When the Spence and Becky Wilson Baptist Children’s Hospital opened one year ago, plans called for 18 children a day arriving in its emergency room.
In fact, “from the moment we opened, we averaged 40 a day,” said Anita Vaughn, chief executive officer of Baptist Memorial Hospital for Women and the children’s hospital that was added to it last year.
Since September, when the “respiratory season” stoked by flu and other ailments arrived, the 10-bed pediatric emergency department has averaged 55 patients. It hit a one-day peak, so far, of 85 in early December, Vaughn said.
From seeing about 7,000 children a year when pediatric emergency services were part of the adult Baptist Memorial Hospital-Memphis on the same East Memphis campus, Spence and Becky Wilson Baptist Children’s Hospital will see about 16,000.
“So I think we’ve definitely demonstrated there’s a need,” Vaughn said.
That need has led to work underway to install two pediatric intensive care beds by April on the third floor of the women’s hospital, transferring two of six adult slots for children’s use, she said.
“You just have to be able to have that service to be able to do some extra monitoring of kids and respiratory help,” Vaughn said.
Baptist Memorial Health Care Corp. officials also are counting on that need to convince state regulators soon that it’s time to open the second floor of the children’s hospital for pediatric intensive care unit beds. It was designed for a dozen, but data on demand will guide how many Baptist seeks.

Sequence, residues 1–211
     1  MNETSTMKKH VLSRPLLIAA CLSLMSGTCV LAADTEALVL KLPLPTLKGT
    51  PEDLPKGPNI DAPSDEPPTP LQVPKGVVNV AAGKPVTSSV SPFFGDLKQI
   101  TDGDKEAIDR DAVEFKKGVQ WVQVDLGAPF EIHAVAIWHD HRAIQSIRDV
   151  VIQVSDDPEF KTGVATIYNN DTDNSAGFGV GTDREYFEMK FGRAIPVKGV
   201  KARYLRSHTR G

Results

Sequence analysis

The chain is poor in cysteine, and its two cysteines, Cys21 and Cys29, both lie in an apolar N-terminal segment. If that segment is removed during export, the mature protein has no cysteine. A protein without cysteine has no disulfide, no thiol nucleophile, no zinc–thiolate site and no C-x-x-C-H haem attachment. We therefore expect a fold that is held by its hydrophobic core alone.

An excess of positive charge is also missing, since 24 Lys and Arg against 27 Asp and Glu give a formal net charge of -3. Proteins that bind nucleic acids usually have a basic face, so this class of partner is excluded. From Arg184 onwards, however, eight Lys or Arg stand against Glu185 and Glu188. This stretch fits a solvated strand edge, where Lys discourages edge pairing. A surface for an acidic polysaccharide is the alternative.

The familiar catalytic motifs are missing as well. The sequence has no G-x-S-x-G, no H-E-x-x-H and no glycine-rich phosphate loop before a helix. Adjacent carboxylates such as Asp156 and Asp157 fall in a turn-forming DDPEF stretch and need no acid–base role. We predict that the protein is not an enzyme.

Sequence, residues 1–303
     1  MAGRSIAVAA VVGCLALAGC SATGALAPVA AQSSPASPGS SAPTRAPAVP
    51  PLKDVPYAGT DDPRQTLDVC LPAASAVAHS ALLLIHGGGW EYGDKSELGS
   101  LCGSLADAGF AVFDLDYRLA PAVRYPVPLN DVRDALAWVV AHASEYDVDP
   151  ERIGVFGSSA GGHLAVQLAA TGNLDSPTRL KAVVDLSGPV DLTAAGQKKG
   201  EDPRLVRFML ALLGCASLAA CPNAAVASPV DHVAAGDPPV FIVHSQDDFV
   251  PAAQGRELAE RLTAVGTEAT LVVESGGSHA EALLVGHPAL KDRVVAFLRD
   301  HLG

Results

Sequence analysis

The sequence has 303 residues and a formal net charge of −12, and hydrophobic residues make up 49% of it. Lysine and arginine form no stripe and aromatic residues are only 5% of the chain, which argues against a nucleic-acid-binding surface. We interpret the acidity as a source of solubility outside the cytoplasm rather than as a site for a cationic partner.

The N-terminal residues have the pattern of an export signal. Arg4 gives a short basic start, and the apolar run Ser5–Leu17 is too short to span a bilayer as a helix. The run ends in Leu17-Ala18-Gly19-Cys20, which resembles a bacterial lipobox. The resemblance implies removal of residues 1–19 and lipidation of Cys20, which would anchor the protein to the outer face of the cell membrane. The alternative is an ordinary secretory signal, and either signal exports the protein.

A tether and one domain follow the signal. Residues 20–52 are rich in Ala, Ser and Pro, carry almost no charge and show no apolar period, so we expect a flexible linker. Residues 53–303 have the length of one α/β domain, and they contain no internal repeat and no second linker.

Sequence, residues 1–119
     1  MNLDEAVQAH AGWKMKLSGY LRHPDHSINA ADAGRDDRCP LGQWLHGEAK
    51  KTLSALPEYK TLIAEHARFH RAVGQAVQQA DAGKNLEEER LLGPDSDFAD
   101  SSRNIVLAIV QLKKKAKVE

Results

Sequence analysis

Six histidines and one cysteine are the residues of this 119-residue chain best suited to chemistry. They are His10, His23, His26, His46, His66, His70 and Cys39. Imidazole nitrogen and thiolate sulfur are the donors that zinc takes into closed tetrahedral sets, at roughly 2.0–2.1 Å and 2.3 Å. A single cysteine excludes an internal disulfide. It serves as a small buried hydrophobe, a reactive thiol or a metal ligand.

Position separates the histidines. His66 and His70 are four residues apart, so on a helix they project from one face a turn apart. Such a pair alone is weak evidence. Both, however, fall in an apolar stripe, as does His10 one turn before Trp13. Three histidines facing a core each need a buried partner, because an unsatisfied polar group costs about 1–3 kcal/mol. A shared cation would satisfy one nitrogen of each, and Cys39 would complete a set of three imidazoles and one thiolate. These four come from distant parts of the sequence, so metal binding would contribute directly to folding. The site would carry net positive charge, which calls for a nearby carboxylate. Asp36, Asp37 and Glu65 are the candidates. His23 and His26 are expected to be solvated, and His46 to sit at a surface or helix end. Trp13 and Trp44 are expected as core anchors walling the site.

“It depends on the need, but it could be six or more,” Vaughn said.
The question was when, not if, the children’s hospital would expand on the $14 million project completed a year ago, which included opening the first-floor pediatric emergency department and pediatric diagnostic area. With a total of four stories, the floors above are currently vacant.
Longer term, Vaughn said more inpatient pediatric beds will be needed. Currently, there are 12 on the third floor of the women’s hospital.
Meanwhile, the Baptist Memorial Health Care Foundation has given $1 million to buy a two-patient transport van that will transfer children from all of the Baptist system’s 14 hospitals in Tennessee, Arkansas and Mississippi. It will take about five months for the ambulance-like van to be delivered, Vaughn said.
The children’s hospital startup, in combination with a women’s hospital that delivers 5,000 babies a year, is seeing patients from “everywhere,” she said. About 72 percent have health coverage through Medicaid, the federal and state government-funded program known as TennCare in Tennessee.
The children’s hospital has led to about 50 more positions, she said. It’s recruiting for more doctors, such as pediatric intensivists, as well as nurses, among others.
Baptist children’s hospital startup is “a general hospital with some signature services,” such as its ophthalmology program, Vaughn said.
That’s in contrast to the acute-care, regional trauma and academic Le Bonheur Children’s Hospital, which first opened in 1952 and is part of the Methodist Le Bonheur Healthcare system.
Gillian Ray, vice president of external relations for the Children’s Hospital Association in Washington, said that the models for children’s hospitals are diverse. About 220 nationwide are members of the association.
“There’s a saying in the children’s hospital community and that is if you’ve seen one children’s hospital, you’ve seen one children’s hospital,” Ray said.